- Aug 2, 2020
Bends are very cool knots intended to connect two different ropes. Sometimes bends connect two ropes of the same type, but other times they connect two very different types of ropes. I've got a bunch of bends to show you, so sit tight.
For today's bend, I've got the Flemish. Flemish bend that is. This is a knot that has fallen out of favor with those who have used it to tie natural fiber ropes because when tightened, those people would have difficulty untying it, which is one characteristic that bends enjoy. They're meant to be untied. When it comes to synthetic ropes though, this is a great knot. It ties well, is plainly visible to see if it's been tied correctly, and it just looks good. It's got a cool name too. Plus, it does a great job connecting the two ropes, which is why climbers enjoy this one so much.
To tie this knot, start off with a loop in one end of one of your ropes.
Next, pinch where you crossed the rope to keep it securely in place and then twist the loop over once. In my case, I twisted it counter clockwise because I had originally placed the working end over the standing part.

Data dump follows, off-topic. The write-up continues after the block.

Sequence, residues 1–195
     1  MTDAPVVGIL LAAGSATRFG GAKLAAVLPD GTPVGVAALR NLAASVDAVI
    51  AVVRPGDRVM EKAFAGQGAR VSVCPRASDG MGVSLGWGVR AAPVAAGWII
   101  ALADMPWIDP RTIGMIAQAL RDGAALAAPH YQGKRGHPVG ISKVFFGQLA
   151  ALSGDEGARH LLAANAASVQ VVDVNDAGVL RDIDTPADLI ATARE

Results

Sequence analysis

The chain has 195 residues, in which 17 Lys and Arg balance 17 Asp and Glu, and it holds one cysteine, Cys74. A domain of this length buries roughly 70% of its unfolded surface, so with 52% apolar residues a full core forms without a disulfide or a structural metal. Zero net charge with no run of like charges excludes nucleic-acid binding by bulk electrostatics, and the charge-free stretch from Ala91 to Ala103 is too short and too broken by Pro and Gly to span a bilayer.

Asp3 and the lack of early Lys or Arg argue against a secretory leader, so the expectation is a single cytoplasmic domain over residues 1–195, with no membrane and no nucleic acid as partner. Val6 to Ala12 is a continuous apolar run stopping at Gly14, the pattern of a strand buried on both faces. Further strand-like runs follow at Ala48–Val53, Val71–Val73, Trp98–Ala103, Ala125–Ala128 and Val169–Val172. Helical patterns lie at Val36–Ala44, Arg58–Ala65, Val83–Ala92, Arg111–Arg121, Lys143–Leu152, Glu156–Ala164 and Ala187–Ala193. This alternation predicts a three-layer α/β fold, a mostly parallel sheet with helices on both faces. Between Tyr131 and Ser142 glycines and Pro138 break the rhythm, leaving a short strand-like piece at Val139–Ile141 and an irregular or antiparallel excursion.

Then, take the working end of the rope and feed it under the loop and then through. You'll see that your knot looks like a figure eight.
That's pretty easy so far. That's actually half the knot!
To continue on, you basically want to introduce the second rope to the knot and then trace the first knot with the second. Here I am bringing the second rope into the fray.
After feeding the black rope through the bend in the orange rope, I continued feeding the black rope along the orange rope. Take a look.
It's at this point you should neaten up the ropes as best as possible. Notice how I have my knot fairly flat.
To tighten the knot, simply pull the working ends and then the standing parts away from one another. Do this slowly as to not disturb the knot.
Above is the classic Flemish bend knot. After tightening it some more, this is what it looks like.